Southwest Airlines Co. will unload its Boeing Co. 717 jets, returning the discount carrier to flying just one type of plane, under a tentative sublease agreement with Delta Air Lines Inc.
Delta will become the biggest operator of the 717, a model out of production since 2006, as it takes the 88 jets Southwest acquired in buying AirTran Holdings Inc. in 2011. Atlanta-based Delta said today the planes will replace less-efficient jets.
Shifting back to flying only Boeing 737s will help Dallas-based Southwest curb training and maintenance expenses, and dropping the smaller 717 also rids the airline of a plane that costs more to fly on a per-seat basis. Southwest is the largest customer for the 737, the world’s most widely flown jetliner.
“It returns us to a single fleet type and improves our overall economics,” Chief Operating Officer Mike Van de Ven said in an interview. “It improves our scheduling flexibility and our ability to recover when operations go awry.”
Delta will use the 717s to replace 50-seat regional jets and older DC-9s targeted to be removed from its fleet. The purchase extends the airline’s strategy of adding used planes, such as the Boeing MD-90s bought in April, to help retire some of its aging aircraft.
Neither airline disclosed financial terms.
Southwest fell 0.8 percent to $8.27 at the close in New York, while Delta slipped 0.4 percent to $10.54.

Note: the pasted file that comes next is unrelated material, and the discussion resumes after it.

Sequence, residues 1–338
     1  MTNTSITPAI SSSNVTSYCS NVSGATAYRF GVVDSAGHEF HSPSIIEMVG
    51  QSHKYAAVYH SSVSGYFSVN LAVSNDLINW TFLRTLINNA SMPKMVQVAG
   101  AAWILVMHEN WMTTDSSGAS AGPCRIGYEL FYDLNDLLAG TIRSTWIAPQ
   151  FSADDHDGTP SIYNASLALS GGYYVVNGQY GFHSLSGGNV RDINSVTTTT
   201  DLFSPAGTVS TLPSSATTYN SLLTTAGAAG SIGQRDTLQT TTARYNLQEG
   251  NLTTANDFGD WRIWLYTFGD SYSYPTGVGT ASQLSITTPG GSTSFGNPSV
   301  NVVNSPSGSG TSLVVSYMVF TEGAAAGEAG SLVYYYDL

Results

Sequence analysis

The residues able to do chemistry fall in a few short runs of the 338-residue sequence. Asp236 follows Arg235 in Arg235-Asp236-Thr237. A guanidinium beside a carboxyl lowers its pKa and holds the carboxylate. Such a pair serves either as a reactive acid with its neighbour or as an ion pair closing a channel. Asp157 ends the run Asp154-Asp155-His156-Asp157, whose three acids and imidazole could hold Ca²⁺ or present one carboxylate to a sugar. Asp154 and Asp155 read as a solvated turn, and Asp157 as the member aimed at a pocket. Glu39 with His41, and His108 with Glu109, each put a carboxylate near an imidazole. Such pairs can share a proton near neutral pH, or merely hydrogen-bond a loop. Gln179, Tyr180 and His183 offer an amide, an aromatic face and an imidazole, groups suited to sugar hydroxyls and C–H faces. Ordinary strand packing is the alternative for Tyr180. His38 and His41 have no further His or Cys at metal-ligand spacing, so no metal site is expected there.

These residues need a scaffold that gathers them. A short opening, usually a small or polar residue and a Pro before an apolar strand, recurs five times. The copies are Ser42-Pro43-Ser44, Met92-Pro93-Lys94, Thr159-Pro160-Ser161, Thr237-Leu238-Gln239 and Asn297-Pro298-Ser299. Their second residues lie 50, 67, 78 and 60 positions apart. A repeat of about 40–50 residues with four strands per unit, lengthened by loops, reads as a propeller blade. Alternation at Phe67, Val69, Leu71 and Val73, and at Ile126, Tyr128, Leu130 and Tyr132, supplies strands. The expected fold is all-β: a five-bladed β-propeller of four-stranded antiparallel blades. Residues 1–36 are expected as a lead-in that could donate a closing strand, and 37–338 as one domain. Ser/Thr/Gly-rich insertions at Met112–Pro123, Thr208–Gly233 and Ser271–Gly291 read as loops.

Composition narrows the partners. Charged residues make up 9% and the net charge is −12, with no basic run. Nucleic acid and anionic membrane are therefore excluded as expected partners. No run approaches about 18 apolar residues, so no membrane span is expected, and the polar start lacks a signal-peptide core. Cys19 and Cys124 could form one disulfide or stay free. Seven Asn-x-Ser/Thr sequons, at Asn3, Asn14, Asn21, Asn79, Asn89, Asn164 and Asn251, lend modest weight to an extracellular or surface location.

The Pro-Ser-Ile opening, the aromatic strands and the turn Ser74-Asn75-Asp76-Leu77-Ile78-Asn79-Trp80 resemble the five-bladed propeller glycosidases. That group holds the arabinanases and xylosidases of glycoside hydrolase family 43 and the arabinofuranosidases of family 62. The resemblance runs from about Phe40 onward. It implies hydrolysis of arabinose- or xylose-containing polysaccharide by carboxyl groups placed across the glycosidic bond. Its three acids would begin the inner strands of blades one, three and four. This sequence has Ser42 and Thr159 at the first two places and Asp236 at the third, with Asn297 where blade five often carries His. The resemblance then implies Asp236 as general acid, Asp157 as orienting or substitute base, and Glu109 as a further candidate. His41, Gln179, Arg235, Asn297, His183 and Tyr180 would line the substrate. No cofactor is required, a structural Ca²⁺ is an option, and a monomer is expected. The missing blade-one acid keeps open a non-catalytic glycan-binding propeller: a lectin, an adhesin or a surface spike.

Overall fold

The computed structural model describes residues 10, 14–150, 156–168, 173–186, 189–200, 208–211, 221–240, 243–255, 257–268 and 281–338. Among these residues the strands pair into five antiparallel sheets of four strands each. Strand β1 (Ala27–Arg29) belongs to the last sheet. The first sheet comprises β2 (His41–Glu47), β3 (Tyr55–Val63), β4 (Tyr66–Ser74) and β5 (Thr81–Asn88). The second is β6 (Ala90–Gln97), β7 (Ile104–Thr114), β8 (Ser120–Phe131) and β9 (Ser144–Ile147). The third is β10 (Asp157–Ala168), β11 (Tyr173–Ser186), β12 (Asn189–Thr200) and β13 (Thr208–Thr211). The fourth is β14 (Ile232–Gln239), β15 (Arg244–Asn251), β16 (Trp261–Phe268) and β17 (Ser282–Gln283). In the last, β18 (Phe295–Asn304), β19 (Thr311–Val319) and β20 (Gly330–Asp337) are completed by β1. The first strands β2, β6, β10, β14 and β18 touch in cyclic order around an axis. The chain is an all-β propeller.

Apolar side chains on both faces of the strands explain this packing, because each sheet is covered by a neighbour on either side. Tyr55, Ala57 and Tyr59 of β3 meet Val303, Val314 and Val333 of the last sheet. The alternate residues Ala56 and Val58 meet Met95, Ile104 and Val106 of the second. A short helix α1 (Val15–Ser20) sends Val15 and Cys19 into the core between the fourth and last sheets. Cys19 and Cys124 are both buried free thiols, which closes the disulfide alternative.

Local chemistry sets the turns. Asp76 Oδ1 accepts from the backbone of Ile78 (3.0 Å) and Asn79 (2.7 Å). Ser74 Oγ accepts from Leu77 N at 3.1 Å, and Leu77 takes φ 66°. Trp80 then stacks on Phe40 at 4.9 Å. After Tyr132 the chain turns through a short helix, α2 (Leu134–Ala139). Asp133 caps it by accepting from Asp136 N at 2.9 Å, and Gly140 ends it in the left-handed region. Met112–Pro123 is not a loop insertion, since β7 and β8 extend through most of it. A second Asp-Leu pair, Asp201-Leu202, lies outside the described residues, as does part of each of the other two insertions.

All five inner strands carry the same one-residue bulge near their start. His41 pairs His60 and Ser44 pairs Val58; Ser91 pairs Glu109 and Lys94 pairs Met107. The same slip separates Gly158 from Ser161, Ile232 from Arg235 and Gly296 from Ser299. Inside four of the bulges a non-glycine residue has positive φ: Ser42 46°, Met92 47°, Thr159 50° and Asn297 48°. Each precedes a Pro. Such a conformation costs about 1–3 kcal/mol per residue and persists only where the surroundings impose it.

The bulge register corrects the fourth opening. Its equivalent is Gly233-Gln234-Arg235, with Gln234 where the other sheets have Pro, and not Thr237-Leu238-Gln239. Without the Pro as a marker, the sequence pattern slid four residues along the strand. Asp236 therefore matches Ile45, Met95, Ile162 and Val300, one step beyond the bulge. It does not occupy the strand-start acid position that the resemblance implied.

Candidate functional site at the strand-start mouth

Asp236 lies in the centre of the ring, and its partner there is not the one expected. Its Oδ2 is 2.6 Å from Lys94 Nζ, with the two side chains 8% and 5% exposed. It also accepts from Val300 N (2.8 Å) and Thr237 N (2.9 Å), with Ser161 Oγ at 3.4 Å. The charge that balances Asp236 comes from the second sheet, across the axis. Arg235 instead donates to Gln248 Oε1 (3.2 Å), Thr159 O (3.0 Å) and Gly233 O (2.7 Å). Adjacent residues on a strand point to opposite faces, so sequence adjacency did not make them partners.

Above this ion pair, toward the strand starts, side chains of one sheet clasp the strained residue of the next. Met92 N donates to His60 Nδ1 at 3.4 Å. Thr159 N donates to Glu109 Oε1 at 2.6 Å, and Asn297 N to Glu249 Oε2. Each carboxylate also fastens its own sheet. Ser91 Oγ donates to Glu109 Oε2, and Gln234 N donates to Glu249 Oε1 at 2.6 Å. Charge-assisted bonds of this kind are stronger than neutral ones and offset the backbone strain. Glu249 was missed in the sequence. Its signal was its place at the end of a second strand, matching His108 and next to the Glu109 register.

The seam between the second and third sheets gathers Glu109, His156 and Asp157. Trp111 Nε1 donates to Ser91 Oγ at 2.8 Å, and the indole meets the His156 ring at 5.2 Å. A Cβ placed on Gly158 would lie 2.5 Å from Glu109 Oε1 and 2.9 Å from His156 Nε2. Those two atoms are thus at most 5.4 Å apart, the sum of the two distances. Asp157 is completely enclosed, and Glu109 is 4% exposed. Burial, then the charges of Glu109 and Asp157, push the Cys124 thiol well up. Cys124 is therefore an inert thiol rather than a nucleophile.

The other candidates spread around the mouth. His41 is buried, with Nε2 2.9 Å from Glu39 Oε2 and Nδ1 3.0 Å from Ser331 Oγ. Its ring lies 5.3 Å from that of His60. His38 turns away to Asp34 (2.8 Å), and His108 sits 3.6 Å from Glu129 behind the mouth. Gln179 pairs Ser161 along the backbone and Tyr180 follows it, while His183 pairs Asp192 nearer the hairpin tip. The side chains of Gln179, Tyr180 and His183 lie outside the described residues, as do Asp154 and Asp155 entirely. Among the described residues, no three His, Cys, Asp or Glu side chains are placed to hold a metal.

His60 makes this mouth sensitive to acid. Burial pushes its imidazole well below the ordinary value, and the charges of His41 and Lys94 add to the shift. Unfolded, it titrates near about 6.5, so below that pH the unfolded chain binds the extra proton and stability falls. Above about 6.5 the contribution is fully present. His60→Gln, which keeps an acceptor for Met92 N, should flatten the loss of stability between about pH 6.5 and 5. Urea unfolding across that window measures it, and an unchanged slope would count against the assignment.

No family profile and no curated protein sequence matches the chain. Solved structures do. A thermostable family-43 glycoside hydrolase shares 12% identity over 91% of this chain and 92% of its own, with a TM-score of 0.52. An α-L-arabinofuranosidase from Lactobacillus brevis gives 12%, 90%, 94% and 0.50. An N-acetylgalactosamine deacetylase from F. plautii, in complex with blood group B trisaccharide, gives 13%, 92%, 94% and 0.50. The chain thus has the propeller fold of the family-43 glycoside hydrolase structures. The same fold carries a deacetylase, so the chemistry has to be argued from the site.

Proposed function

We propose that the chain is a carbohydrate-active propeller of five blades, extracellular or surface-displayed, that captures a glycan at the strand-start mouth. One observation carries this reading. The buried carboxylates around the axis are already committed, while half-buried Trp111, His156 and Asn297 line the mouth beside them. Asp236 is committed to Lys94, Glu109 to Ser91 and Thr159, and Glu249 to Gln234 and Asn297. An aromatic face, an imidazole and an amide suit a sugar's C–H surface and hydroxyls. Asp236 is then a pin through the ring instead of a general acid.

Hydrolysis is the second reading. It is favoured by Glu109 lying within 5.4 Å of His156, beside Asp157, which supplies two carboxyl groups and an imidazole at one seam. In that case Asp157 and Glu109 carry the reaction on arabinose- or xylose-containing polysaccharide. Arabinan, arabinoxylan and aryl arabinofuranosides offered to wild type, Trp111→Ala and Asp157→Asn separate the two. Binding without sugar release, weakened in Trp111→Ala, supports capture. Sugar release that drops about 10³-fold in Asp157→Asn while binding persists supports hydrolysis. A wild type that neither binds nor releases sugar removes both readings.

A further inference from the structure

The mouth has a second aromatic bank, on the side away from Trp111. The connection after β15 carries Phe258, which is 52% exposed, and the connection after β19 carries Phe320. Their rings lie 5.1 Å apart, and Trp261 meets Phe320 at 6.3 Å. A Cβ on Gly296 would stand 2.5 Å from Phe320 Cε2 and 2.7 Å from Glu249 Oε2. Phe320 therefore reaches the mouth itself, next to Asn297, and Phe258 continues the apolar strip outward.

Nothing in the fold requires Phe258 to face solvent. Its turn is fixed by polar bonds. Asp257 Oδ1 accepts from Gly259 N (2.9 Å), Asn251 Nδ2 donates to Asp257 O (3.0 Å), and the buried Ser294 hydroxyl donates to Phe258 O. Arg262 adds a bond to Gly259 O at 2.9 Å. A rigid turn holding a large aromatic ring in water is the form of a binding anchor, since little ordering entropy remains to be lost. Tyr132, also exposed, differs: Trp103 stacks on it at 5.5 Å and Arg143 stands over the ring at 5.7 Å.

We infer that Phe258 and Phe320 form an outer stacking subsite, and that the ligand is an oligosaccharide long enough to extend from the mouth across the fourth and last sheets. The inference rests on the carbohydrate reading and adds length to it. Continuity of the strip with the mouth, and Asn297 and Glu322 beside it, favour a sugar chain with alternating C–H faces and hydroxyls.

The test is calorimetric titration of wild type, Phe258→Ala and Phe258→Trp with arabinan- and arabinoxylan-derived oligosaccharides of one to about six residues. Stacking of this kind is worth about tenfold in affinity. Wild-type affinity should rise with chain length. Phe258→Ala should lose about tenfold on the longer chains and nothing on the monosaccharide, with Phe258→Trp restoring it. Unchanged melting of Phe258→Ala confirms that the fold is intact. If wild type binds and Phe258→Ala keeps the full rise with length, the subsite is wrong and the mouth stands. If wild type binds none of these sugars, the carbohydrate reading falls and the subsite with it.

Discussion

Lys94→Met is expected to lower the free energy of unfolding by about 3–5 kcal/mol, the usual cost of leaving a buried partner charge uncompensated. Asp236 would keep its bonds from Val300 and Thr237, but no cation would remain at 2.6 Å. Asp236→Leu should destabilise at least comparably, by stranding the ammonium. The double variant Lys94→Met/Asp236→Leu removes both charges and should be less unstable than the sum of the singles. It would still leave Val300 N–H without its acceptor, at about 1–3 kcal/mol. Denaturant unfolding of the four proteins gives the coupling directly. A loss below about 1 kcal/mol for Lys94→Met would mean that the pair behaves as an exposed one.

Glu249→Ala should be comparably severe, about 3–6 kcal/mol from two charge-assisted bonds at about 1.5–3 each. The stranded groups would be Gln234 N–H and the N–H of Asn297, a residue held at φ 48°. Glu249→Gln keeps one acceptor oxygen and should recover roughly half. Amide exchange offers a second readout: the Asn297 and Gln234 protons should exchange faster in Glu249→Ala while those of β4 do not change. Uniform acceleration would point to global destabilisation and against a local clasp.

Boeing made only 156 of the twin-engine 717s in seven years of deliveries that ended in 2006. By comparison, the 737 has amassed more than 9,300 orders since its first one in 1965, and the best-selling variant made today can seat about 160 people, according to Boeing’s website.
The 117-seat 717s would move to Delta over three years starting in the second half of 2013 through 2015, Southwest said in a statement. The airline has said it expects to end 2012 with about 692 planes, including the 717s. Boeing Capital Corp. holds the 717 leases and is a party to the Delta accord.
When Southwest agreed to acquire AirTran in September 2010, the airline said it saw a role for the 717 in serving smaller cities. The AirTran purchase closed in May 2011, and Southwest said in August it wanted to drop the planes, after fuel prices climbed 48 percent in the previous 11 months.
“If there was one factor that influenced the economics of the airplane more than anything else, it was rising fuel prices,” Van de Ven said. “At that point, it made sense for us to try to get back to a single fleet.”
Once talks began with Delta, Southwest didn’t search for any other carriers to sublease the planes, Van de Ven said. Southwest’s leases extend through 2018 to 2024.
Delta’s acquisition of the 717s is contingent upon its pilots approving a tentative agreement to cover the aircraft. Voting will conclude June 30 on the accord, which also allows Delta to add as many as 70 two-class, 76-seat regional jets.
“These actions pave the way for us to restructure and up-gauge our domestic fleet, which will lower our costs, provide more pilot jobs and improve the onboard experience for our customers,” Chief Executive Officer Richard Anderson said in a statement.
Southwest plans to keep its fleet count largely unchanged as the 717s move to Delta at a rate of three a month starting in mid-2013. Delta said the 717s won’t alter its seating capacity.